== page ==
Calling it “semantics,” Mayor Lenny Curry did not use the word “mandatory” in his evacuation order Wednesday.

Instead, he urged all residents of Zones A and B – red and orange zones on the Duval County Evacuation map – to leave. That includes all of the three Beaches communities, and most low-lying, flood-prone areas.

“If someone does not evacuate the Beaches, are we going to go in and find them or enforce a law against them?" Curry responded when asked why he wasn’t making the evacuation mandatory. “No. But they will have no access -- it’s important that they know this – they will have no access to public safety workers, or any other government needs that they may need, particularly during a storm or after a storm.”

In fact, the ability of officials to force evacuation is somewhat limited. According to Florida Emergency Management guides, a mandatory evacuation “is a situation where emergency management officials put maximum emphasis on encouraging evacuation and limiting ingress to potentially affected areas" (emphasis added).

According to the American Bar Association, “the authority to effect a mandatory evacuation has its roots in sovereign authority and the police power.” It’s been used in wartime, as when the government forcibly removed a sheep herder from the Alaskan Peninsula in World War II, when Japan was threatening that area.

It's also a tool to protect communities from the ravages of disease or disaster. The day before Hurricane Katrina made landfall, New Orleans Mayor Ray Nagin ordered the city's first ever mandatory evacuation. He sent empty busses and crews with bullhorns to prod people out of their neighborhoods, but not everyone left.

After the storm, fearing the spread of water-borne illness, structural instability, and general civic disorder, police and National Guardsmen tried to enforce the evacuation order, but for the most part, didn't arrest people for staying. (The arrest of Patty Konie was a notable exception.)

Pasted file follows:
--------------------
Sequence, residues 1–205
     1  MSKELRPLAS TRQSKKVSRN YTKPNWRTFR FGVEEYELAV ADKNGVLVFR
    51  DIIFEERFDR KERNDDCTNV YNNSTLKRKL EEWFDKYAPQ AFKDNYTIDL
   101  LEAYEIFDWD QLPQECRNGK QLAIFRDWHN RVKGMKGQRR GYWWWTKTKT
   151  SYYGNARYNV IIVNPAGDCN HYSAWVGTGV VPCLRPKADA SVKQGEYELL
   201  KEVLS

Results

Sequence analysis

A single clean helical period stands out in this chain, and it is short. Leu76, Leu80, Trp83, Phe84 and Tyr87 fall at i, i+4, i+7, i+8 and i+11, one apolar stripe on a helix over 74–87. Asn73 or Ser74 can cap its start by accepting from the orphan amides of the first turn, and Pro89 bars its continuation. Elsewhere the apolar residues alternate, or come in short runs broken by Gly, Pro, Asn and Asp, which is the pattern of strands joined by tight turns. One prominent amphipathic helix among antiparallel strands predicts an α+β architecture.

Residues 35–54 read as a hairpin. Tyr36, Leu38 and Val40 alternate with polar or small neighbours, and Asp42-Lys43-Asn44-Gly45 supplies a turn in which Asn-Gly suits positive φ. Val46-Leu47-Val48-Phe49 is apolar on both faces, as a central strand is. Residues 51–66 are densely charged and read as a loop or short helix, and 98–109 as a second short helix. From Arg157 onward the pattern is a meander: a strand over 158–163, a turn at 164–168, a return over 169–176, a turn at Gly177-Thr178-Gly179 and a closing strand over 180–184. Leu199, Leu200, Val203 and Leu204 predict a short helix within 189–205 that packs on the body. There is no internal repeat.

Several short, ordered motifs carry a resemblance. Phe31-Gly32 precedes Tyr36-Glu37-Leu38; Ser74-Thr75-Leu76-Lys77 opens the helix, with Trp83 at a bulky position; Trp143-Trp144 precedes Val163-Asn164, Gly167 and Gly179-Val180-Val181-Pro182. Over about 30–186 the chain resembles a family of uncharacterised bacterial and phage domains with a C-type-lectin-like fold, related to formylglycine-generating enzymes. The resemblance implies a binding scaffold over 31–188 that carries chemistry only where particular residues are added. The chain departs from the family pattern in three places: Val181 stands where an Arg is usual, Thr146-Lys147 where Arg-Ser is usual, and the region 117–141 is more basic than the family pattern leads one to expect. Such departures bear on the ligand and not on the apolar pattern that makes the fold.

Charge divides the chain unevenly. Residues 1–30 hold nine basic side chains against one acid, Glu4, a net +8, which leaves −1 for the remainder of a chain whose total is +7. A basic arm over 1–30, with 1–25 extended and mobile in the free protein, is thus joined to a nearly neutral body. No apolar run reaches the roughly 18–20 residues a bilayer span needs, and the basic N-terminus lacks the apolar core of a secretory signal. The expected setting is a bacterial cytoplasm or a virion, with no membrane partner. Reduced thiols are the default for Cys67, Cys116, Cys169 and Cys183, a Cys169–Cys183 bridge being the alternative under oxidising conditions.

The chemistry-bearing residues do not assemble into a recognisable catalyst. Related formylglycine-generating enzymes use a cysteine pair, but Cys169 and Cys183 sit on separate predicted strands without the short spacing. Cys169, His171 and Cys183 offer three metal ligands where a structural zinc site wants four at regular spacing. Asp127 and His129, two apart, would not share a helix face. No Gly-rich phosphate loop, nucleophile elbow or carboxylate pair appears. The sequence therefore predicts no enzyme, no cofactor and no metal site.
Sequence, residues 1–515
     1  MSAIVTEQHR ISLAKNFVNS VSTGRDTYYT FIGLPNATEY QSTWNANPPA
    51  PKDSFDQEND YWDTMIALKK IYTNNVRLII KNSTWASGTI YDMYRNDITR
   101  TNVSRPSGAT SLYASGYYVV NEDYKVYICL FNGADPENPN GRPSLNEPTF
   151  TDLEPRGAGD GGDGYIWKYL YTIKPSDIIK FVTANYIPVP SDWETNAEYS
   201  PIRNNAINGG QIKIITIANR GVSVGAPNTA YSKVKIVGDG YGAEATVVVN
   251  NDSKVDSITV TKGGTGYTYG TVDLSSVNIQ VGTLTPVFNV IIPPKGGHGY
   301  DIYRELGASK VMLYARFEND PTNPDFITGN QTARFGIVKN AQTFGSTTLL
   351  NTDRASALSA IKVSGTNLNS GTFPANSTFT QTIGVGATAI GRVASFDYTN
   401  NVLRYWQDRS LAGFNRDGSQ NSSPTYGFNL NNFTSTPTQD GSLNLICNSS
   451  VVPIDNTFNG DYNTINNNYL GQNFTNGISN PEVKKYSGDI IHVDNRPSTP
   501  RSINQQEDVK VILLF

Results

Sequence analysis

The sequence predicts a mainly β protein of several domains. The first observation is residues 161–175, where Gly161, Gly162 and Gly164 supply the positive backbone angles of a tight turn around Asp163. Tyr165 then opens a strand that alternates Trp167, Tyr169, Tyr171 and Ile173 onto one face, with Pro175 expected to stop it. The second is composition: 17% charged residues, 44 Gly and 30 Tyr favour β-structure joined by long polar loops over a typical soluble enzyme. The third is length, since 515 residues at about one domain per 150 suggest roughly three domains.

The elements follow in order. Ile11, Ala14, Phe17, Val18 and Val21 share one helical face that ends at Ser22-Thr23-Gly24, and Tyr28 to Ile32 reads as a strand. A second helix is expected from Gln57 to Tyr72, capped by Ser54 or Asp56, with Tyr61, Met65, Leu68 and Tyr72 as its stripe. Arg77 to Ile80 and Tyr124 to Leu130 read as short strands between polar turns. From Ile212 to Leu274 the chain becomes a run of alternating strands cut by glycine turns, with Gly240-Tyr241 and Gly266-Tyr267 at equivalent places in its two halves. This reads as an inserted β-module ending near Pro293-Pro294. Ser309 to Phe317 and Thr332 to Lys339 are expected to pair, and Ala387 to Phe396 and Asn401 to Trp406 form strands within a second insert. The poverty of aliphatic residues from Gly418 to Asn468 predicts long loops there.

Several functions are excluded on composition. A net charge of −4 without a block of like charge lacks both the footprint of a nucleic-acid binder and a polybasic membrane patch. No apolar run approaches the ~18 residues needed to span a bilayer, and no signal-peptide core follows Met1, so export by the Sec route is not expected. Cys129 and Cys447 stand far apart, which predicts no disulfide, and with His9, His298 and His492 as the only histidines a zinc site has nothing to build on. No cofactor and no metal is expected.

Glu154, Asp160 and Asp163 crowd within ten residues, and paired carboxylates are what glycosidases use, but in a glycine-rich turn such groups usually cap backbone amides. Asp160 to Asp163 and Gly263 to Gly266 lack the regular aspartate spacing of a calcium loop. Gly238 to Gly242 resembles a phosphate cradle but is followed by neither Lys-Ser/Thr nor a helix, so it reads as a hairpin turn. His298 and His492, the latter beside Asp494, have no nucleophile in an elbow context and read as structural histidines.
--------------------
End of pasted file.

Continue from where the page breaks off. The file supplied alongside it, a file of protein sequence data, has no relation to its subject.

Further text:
Florida Rep. Everett Rice, a former sheriff Pinellas County Sheriff, said at the time that arresting New Orleans residents for staying in their own homes would be unpopular in the extreme. "That's got to be one of the worst-case scenarios for law enforcement officials," he told the St. Petersburg Times. “What are they going to do with those that resist? Shoot them?”

Some coastal cities in Virginia have fought intransigent residents with something called the “Magic Marker Strategy” If people resist pleas to leave, rescue workers give them Magic Markers and make them write their Social Security numbers on their body so it can be identified.

Despite official urging and real safety concerns, there will always be some people who will not want to evacuate. In those cases, Mayor Curry made clear, concern shifts from the resident to the life of first responders. "We will not put our workers in harms way."

“Will there be inconvenience?” the mayor asked. “Absolutely. There is a storm a big storm headed our way, we have to expect some inconvenience. We are prepared for it asking the people of Jacksonville to prepare for it and minimize it and mitigate it. So let’s all do our part.”

Evacuation Map

Duval County Evacuation Map by FirstCoastNews

Important Links:
Duval County shelter information: CLICK HERE
Duval County CODE RED notifications: CLICK HERE
Duval County special needs registry: CLICK HERE
Download the First Coast News APP to receive weather alerts: CLICK HERE

Important Phone Numbers:
Jacksonville Sheriff’s Office: (904) 630-0500
Atlantic Beach Police Department: (904) 247-5859
Neptune Beach Police Department: (904)  270-2413
Jacksonville Beach Police Department: (904) 247-6171
Beaches Energy: (904) 247-6171
JEA: (904) 665-6000